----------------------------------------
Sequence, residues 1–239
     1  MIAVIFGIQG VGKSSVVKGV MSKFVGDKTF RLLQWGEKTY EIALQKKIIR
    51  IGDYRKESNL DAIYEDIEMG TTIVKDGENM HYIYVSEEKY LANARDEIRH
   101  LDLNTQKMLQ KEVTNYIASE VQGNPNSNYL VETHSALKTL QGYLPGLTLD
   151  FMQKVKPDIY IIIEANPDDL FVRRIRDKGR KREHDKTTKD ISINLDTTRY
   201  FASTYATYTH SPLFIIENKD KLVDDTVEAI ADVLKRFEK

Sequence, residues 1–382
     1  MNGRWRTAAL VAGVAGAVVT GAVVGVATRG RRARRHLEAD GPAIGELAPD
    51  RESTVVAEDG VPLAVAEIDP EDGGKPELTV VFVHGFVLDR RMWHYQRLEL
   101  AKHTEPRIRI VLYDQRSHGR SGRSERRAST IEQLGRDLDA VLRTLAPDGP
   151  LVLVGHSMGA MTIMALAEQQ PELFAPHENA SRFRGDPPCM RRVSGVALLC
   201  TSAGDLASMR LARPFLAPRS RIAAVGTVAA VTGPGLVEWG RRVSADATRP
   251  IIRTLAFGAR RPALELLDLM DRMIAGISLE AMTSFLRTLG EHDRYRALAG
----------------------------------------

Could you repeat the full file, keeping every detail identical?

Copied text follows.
Sequence, residues 1–239
     1  MIAVIFGIQG VGKSSVVKGV MSKFVGDKTF RLLQWGEKTY EIALQKKIIR
    51  IGDYRKESNL DAIYEDIEMG TTIVKDGENM HYIYVSEEKY LANARDEIRH
   101  LDLNTQKMLQ KEVTNYIASE VQGNPNSNYL VETHSALKTL QGYLPGLTLD
   151  FMQKVKPDIY IIIEANPDDL FVRRIRDKGR KREHDKTTKD ISINLDTTRY
   201  FASTYATYTH SPLFIIENKD KLVDDTVEAI ADVLKRFEK

Sequence, residues 1–382
     1  MNGRWRTAAL VAGVAGAVVT GAVVGVATRG RRARRHLEAD GPAIGELAPD
    51  RESTVVAEDG VPLAVAEIDP EDGGKPELTV VFVHGFVLDR RMWHYQRLEL
   101  AKHTEPRIRI VLYDQRSHGR SGRSERRAST IEQLGRDLDA VLRTLAPDGP
   151  LVLVGHSMGA MTIMALAEQQ PELFAPHENA SRFRGDPPCM RRVSGVALLC
   201  TSAGDLASMR LARPFLAPRS RIAAVGTVAA VTGPGLVEWG RRVSADATRP
   251  IIRTLAFGAR RPALELLDLM DRMIAGISLE AMTSFLRTLG EHDRYRALAG